One of the roughest on Blanc's throat was Bug's fiery arch enemy, the rip-roaring Yosemite Sam ("You'll pay for this, varmint!"). Far more subtle was his take on the alarmingly amorous French skunk, Pepé le Pew ("Ahh...le belle femme skunk fatale..."). Blanc once joked that his co-stars needed to wear raincoats whenever he performed the sloppy, lisping Sylvester the Cat ("Sssthufferin' sssthuccotash!").

Other beloved characters included the barnyard good ol' boy Foghorn Leghorn ("That's a joke, I say, that's a joke, son.") and the quavering Marvin the Martian with his small weapon of mass destruction, the "Illudium Q-36 Explosive Space Modulator." Keenly aware of the fact that he had significantly contributed to the creation of a vast majority of the studio's stable of popular cartoon characters, Blanc attempted to negotiate a raise with Leon Schlesinger in 1944.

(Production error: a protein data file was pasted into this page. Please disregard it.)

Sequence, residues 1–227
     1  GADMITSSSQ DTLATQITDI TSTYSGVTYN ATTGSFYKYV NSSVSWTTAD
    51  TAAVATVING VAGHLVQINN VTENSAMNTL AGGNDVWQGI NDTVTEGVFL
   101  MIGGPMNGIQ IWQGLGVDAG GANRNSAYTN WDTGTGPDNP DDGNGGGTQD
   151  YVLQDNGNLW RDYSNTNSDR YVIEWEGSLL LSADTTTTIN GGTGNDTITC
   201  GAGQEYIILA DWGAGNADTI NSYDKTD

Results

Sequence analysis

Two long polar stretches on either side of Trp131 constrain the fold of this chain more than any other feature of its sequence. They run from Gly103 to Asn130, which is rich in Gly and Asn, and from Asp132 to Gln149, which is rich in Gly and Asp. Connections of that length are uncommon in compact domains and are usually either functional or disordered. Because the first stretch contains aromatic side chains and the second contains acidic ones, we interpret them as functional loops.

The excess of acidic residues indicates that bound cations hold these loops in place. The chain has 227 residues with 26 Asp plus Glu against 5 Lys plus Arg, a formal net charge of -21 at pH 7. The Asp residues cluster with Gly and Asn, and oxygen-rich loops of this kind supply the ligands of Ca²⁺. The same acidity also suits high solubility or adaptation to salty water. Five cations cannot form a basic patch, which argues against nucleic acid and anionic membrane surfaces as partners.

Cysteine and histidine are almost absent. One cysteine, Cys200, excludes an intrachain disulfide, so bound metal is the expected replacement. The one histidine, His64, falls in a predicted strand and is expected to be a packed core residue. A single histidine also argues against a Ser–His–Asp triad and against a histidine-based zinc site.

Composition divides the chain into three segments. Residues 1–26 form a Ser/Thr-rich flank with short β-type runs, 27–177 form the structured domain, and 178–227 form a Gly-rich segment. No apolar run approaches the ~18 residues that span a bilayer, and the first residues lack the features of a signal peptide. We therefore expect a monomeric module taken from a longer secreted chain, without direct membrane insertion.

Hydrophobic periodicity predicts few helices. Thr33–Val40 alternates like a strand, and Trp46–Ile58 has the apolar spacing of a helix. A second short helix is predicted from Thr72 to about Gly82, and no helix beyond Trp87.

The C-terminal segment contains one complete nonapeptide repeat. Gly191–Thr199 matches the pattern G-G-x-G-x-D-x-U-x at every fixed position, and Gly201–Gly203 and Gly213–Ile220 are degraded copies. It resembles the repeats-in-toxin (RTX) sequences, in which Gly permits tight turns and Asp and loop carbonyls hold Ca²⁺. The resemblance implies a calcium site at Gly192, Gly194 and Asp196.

When the studio head refused, a compromise was reached: from that point forward Blanc would receive a "vocal characterizations by" credit for his work. It was a first in the industry and a key development for the generations of future voice actors that would follow.

In 1960, Blanc's exclusive Warner contract expired, and while he would continue to work for the studio voicing Bugs, Daffy and the other beloved characters, he was now a free agent. In what became a second lengthy and profitable working relationship, Blanc began voicing animated characters for Hanna-Barbara Studios.